Gangs of Russia author Svetlana Stephenson wanted to become a sociologist after she read a collection of essays entitled American Sociology given to her by her father at the age of fifteen.
Growing up in Russia, she couldn’t obtain a degree in sociology from Moscow State University without having first worked in an industrial plant or for the party. So she studied history and later obtained a doctorate in sociology from the Russian Academy of Sciences.
“I consider myself a historical sociologist,” she said. “This was the time of Gorbachev. I got a job at the Russian center for public opinion and I was lucky to have it.” Continue reading “One Book at a Time”
“Libraries are innately subversive institutions born of the radical notion that every single member of society deserves free, high quality access to knowledge and culture.”—Dr. Matt Finch
Libraries are indeed a radical idea. Rather than purchase a book, I can simply go to my public library and borrow it for no fee whatsoever. Free books for everyone! Apart from the single purchase of a book by the library, it is a collective slap in the face to free-market capitalism. Some conservative voices in the nineteenth century, in fact, strongly attacked libraries for being “socialist continuation schools” that created a culture of dependency for those who could not pay market value for the books they wanted. And some continue to argue this even now. Continue reading “Embracing the Subversive Nature of Open Access”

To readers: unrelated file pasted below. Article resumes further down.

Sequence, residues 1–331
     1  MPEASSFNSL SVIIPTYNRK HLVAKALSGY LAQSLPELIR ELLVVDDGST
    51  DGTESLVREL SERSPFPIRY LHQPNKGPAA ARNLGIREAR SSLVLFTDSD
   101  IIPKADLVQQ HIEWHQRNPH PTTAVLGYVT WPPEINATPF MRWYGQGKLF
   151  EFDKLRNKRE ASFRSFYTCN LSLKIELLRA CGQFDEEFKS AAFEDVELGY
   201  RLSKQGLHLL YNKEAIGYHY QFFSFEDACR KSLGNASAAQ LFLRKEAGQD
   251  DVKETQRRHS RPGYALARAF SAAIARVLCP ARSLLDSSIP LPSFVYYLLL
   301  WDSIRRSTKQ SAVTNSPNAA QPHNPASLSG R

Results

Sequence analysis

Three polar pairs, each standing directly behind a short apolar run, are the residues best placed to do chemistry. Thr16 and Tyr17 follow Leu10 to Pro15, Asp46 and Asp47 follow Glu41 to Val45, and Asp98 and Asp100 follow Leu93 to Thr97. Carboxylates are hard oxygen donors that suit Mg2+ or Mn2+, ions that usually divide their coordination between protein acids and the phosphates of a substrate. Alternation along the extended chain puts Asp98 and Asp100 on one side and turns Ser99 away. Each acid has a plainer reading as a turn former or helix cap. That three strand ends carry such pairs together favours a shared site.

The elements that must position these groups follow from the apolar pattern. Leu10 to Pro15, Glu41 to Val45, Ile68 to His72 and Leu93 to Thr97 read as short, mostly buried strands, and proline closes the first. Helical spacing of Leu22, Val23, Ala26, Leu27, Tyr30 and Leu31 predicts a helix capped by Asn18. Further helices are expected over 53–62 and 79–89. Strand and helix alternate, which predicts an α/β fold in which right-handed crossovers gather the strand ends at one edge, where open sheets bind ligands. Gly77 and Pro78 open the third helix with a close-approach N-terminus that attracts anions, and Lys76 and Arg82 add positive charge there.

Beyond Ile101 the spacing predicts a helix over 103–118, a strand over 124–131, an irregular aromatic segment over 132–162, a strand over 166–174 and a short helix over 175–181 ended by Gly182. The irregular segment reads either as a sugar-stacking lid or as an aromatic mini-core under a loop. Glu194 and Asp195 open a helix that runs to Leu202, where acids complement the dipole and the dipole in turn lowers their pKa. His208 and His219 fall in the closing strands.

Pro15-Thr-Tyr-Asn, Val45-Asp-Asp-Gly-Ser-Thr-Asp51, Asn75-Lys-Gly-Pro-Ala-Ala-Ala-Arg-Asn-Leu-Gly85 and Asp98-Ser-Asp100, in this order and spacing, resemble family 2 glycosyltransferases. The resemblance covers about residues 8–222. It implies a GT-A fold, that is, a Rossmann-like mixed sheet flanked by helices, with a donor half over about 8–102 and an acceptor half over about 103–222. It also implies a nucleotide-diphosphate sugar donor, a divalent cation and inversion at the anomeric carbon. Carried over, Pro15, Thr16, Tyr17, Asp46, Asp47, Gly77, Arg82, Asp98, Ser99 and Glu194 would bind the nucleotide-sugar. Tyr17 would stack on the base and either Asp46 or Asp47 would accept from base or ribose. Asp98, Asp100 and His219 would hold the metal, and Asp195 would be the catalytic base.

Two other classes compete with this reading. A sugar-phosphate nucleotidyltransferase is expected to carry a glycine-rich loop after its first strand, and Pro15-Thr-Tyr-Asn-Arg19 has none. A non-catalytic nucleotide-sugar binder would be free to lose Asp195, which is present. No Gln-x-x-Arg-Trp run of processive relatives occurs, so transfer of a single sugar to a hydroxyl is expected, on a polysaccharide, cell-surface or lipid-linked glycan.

The Humanities Open Book Program, sponsored jointly by the National Endowment for the Humanities and the Andrew W. Mellon Foundation, is an effort to make out-of-print scholarly work once again available to scholars, students, and the general public, free of charge, in the form of high-quality, searchable ebooks. It is in many ways a bold, technologically savvy, forward-looking embrace of twenty-first-century developments in publishing and higher education—so what better person to bring on to help usher this dream into reality than an old-fogey stick-in-the-mud like myself who likes nothing better than poking around in museums and used-book stores, prefers riding trains to airplanes, and has never read an ebook cover to cover (or whatever it is they have instead of covers) in his life? Continue reading “A Brief Note on the Past, the Future, and Cornell Open”
This week, we’re focusing on Cornell Open, our partnership with National Endowment for the Humanities and the Mellon Foundation to bring classic books from our backlist back to the forefront of discussion through an open access strategy. As such, I’ve been turning my attention to how we market and “sell” things that are free. Continue reading “Doc Martyn’s Sage Marketing: Free Stuff!”